Eugene Peterson made waves with the release of The Message in 2003, a paraphrase crafted from the original texts of Scripture without aid from other English translations and without the input of a committee. In his own words, Peterson began this work because,
“While I was teaching a class on Galatians, I began to realize that the adults in my class weren’t feeling the vitality and directness that I sensed as I read and studied the New Testament in its original Greek. Writing straight from the original text, I began to attempt to bring into English the rhythms and idioms of the original language. I knew that the early readers of the New Testament were captured and engaged by these writings and I wanted my congregation to be impacted in the same way. I hoped to bring the New Testament to life for two different types of people: those who hadn’t read the Bible because it seemed too distant and irrelevant and those who had read the Bible so much that it had become ‘old hat.'”
– from the Preface to The Message
The truth is that a large segment of the Western church is bored by Scripture. The problem that Peterson faced was not and is not unique to that particular bunch of believers. So while The Message is not my preferred translation and I disagree with some of the choices that Peterson made (though I do use it from time to time as you can see throughout this blog), I do appreciate the heart behind the work. Scripture was not written in what we see as the “high falutin'” style of early modern English. God used ordinary people who wrote in ordinary language. Poetic at times, peppered with sarcasm, often attempting to describe the indescribable, but ordinary nonetheless. There is no reason why anyone translating the Hebrew, Aramaic and Greek into any other tongue shouldn’t use terms that the reader will understand.
Thus my puzzlement regarding As Kingfishers Catch Fire.
I’m not the smartest person on the planet. Nor do I have much patience flowery-ness in the written word. Though I spend more than my fair share of time contemplating abstract concepts, I do so in a linear, analytical, orderly fashion. I prefer fifty cent words to five dollar terms. My own dabblings in poetry reveal my love of straightforwardness. Go for the jugular, as they say.
Thus more puzzlement as I attempted to read this book.
I am loathe to post a review of something I did not finish, but I couldn’t get through this book. A collection of sermons grouped under seven different topic headings (“Preaching in the Company of Moses,” “…of David,” “…of Isaiah,” “…of Solomon,” “…of Peter,” “…of Paul” and “…of John of Patmos”), it’s possible that this work is not meant to be read straight through. As with any other sermon, the hearer (or, in this case, the reader) needs time to contemplate what she has learned.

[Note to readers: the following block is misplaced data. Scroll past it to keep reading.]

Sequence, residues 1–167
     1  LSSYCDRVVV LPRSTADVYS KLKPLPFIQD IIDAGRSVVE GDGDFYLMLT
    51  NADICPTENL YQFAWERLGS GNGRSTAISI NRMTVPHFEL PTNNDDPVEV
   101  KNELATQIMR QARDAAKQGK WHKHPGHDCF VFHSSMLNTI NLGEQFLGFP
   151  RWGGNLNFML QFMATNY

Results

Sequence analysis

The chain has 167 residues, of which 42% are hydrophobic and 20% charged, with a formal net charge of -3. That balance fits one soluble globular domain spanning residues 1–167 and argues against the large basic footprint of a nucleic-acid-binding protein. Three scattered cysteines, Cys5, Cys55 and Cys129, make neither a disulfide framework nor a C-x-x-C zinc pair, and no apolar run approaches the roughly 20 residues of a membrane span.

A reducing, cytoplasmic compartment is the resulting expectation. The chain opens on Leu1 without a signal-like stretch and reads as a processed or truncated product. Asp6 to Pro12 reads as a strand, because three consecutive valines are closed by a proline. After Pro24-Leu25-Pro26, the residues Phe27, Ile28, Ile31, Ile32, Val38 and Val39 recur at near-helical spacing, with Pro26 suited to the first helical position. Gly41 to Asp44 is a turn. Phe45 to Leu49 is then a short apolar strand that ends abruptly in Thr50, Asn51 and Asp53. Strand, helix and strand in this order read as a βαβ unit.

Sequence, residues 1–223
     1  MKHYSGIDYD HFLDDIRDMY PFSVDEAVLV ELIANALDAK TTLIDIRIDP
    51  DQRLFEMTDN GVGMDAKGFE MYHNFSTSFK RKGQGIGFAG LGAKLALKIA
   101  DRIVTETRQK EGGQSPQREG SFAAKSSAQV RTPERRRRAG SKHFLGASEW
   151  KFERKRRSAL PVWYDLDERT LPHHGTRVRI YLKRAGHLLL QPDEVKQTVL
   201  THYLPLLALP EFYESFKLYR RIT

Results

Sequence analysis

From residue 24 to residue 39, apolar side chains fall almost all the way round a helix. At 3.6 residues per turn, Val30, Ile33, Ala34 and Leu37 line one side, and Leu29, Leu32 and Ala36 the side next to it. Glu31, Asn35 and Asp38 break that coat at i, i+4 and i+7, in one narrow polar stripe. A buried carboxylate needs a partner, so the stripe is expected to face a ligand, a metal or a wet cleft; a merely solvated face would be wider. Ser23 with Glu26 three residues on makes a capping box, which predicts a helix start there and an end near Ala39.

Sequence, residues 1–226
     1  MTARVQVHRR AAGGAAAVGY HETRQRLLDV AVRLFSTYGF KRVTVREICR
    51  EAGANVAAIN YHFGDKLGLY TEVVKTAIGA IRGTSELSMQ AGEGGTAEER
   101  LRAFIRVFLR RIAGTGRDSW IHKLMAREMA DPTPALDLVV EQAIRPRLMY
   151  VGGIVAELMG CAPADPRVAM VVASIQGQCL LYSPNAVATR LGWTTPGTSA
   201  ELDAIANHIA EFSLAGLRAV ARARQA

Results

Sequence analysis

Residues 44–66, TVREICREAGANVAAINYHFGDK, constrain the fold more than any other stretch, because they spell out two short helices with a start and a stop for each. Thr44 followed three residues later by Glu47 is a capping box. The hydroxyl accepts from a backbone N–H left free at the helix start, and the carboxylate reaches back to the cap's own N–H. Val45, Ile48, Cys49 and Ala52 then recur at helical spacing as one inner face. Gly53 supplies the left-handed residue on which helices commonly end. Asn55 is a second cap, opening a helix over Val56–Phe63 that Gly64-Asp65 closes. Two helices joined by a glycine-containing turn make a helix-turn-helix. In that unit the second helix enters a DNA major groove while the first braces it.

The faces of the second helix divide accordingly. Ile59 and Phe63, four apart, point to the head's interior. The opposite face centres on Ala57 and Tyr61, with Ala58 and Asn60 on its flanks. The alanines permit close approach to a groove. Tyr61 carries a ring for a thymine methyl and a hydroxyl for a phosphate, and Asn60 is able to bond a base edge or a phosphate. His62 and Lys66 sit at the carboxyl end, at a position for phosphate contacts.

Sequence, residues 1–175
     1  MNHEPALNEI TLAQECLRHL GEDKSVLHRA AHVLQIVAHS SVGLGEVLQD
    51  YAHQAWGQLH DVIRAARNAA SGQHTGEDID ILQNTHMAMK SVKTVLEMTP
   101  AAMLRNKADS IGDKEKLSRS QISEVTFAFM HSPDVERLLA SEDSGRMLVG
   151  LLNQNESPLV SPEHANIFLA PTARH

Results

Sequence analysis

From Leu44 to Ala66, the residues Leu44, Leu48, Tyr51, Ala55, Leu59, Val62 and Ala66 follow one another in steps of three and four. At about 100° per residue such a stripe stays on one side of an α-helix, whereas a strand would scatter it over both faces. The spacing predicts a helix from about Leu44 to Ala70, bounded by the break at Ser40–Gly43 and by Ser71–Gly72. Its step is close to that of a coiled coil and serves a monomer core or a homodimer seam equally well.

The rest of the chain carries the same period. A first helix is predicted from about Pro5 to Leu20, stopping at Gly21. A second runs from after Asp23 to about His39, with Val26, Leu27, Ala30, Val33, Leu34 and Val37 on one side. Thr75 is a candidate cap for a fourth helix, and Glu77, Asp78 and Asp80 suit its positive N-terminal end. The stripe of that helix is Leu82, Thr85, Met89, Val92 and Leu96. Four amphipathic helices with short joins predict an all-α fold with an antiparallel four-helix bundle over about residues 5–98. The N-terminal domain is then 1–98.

I don’t know what I learned or what I was supposed to learn.
Peterson doesn’t use the five dollar words for the most part, and when he does he provides explanation. I can make some sense of individual paragraphs, but, when strung together to make a complete essay-sermon, I can’t figure out what the main point is supposed to be. This might be attributable to the nature of reading a sermon versus hearing it; I am not privy to tone, pauses, facial expressions, all of which provide the hearer with physical context clues that can aid in understanding.
Yet I wonder if these would illuminate the murky text or not.
The Holy Spirit descended on this old world of ours, and there’s a Psalm 29 powwow in Elmo every day of the year: a grace-revealing gestures, a fresh snow-fall, a friend’s forgiveness, the first migrating yellow warbler, a miracle conversion, a truth-telling poem, a pasqueflower in bloom, the good death of a parent, resurrection – Father, Son, and Holy Spirit – all the endless permutations of life. The beauty of holiness. And we have ringside seats. Henry James once said that a writer is a person on whom nothing is ever lost. That sounds like a focused Christian identity to me: the men and women on whom nothing, at least nothing that has to do with life – and virtually everything else – is lost.
– p. 84
This is the closing paragraph from a sermon on Psalm 29 and Revelation 4:1-8. Go and read those passages, then come back and read this paragraph again.
Now tell me, is the beauty of holiness found in the creation around us or in the presence of the God who created?
For the life of me I don’t know how Peterson would answer that question.
And this business of focused Christian identity – what? Really, what does he mean here?
I’m asking because I really don’t know.
As I wrote above, I am not the smartest person on the planet and I’m aware that my mind works in a specific way. It could very well be that another person could pick up this book and find themselves deeply encouraged and inspired in their faith. In fact, I have seen these people praise this book all across the internet. Someone like me, who is task-oriented to a fault, will find herself throwing the book across the room, yelling, “What do you want me to learn?!”
Perhaps the fault here lies with me, the reader. Maybe I simply can’t hear what he’s trying to say. I don’t know. I hope someone pondering this review does read the book, because I would love to hear your thoughts.
I received a free copy of this book in exchange for my fair and honest review.